E-cigarette use on the rise: Expert
Vietnam has seen certain achievements made in tobacco harm prevention and control but challenges continue to emerge, including the increasing trend of smoking e-cigarettes, Associate Professor and Dr Luong Ngoc Khue has said.
At a meeting with partners of the Bloomberg Initiative in Hanoi on January 19, Khue, who is also Vice Chairman of the National Medical Council and Director of the Fund for Tobacco Harm Prevention and Control, highlighted encouraging outcomes after seven years of implementing the law on prevention and control.
A decline has been recorded in smoking in public places like schools, offices, and public transport; a behaviour subject to increasing objections from the community. Smoking is now almost never seen at meetings, weddings, or funerals.
Many non-smokers have also recognised their right to have their health protected and spoken out to remind others not to smoke in places where it is banned, Khue said.
Pointing out new challenges, he cited the results of a 2020 survey on tobacco use in 34 cities and provinces as showing that the rate of e-cigarette use among adults is increasing, from 0.2 percent in 2015 to 0.7 percent last year, and was 1.2 percent among males in 2020, up from 0.4 percent in 2015.
A student health survey conducted in 2019 revealed that 2.6 percent of students aged between 13 and 17 use e-cigarettes.
Meanwhile, the expert added, tobacco manufacturers provide insufficient or incorrect information about next-generation tobacco products, including heated tobacco products and e-cigarettes, misleading users, especially young people, into thinking that these products are less harmful than normal cigarettes and help people quit.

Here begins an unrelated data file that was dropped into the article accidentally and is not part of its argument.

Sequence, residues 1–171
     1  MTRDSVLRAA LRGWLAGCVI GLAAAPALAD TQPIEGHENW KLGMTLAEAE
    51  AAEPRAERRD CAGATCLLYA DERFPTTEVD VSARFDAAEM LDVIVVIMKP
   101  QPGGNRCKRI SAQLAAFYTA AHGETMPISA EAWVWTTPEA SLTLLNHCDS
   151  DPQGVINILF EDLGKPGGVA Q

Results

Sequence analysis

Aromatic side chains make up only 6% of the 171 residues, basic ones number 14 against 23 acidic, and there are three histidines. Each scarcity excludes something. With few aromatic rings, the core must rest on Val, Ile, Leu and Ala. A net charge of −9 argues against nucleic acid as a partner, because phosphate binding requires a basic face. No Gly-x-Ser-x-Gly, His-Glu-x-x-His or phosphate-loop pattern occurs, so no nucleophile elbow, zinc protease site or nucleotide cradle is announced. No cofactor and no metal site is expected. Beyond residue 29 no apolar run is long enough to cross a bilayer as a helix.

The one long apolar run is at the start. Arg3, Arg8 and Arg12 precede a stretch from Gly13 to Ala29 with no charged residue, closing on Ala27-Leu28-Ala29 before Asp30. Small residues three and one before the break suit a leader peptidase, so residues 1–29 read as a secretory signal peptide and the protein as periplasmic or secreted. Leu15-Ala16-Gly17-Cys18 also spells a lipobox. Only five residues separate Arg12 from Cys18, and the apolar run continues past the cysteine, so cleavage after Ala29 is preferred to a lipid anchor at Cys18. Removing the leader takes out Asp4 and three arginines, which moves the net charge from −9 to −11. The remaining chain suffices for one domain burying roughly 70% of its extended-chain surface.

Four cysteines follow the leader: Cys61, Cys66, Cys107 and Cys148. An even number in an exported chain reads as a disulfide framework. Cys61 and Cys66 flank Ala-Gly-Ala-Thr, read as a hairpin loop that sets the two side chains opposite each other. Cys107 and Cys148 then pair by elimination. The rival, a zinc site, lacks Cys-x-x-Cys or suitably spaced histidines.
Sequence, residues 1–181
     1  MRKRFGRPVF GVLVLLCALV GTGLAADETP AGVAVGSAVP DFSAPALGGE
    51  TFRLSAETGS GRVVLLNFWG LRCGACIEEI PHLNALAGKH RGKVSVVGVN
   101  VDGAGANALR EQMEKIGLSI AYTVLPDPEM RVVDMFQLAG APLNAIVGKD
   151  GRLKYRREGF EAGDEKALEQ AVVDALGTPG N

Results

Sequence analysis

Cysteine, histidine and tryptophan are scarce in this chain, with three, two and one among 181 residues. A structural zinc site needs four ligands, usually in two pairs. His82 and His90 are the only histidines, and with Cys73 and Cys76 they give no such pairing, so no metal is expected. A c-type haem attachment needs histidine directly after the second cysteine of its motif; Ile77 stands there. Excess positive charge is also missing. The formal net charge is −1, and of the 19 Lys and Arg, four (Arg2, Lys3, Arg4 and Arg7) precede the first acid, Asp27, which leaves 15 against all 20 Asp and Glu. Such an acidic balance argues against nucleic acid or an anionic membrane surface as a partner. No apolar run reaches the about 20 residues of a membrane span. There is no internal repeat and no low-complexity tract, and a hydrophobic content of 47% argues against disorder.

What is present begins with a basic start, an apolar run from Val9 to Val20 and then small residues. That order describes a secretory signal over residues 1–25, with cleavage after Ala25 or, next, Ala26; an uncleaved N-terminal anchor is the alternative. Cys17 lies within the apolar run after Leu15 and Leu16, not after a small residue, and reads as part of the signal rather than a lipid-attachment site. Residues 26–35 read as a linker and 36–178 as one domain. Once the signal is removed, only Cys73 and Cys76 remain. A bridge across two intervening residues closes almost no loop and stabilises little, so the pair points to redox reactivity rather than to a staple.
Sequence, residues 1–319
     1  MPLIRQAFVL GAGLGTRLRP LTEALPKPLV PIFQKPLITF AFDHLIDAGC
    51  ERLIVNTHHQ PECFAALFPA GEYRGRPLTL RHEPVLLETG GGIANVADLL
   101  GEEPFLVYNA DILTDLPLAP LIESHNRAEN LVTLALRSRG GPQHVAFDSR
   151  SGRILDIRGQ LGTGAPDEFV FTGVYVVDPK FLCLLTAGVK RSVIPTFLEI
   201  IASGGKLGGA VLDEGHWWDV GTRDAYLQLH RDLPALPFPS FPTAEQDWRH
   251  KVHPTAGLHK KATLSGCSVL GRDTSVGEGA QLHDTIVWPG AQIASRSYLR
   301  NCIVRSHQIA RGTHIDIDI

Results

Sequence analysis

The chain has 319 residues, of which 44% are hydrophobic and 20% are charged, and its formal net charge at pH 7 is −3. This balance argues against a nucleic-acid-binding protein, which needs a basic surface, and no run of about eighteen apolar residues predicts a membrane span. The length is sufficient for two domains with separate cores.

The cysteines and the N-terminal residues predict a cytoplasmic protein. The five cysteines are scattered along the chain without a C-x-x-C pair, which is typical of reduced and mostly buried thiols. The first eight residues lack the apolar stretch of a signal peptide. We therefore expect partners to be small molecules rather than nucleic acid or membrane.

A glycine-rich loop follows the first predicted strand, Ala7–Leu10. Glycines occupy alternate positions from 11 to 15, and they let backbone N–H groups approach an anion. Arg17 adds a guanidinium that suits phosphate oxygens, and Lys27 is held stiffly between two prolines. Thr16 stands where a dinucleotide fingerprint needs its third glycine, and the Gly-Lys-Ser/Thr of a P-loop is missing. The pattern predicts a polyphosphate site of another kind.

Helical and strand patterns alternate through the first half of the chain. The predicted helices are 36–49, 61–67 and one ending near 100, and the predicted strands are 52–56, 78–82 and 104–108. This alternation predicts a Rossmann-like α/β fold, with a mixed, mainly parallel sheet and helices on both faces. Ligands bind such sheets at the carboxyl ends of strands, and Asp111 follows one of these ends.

Inspection and punishment of those committing violations have been carried out relatively well in recent years but not frequently enough due to a shortage of resources, Khue added.
At the meeting, he called upon international organisations to continue supporting the Fund for Tobacco Harm Prevention and Control to ramp up measures to minimise tobacco harm in Vietnam, such as hiking tobacco taxes, boosting the management of tobacco retailing, increasing communications about related harm, promoting support for nicotine addiction treatment, and stepping up the examination of compliance with the law on tobacco harm prevention and control.
Khue also expressed his appreciation of the assistance and contributions from Bloomberg Philanthropies, while sympathising with people in the US for what they have experienced during the COVID-19 pandemic.
The Bloomberg Initiative to reduce tobacco use, funded by Bloomberg Philanthropies, is financing efforts to eradicate and monitor tobacco use in low- and middle-income countries like Vietnam, Bangladesh, China, India, and Indonesia. It seeks to minimise the practice via coordination with partner organisations, including the Campaign for Tobacco-Free Kids, the CDC Foundation, the International Union Against Tuberculosis and Lung Disease, and the World Health Organisation./. VNA
Twelve months is the minimum time that policy makers need to study and come up with regulations for the use of new-generation cigarettes, experts have suggested.
Vietnam should not legalise the use of e-cigarettes and heated-tobacco-products (HTPs) immediately but conduct a pilot phase allowing the production, import and trading of this new-generation cigarettes in the country, officials have said.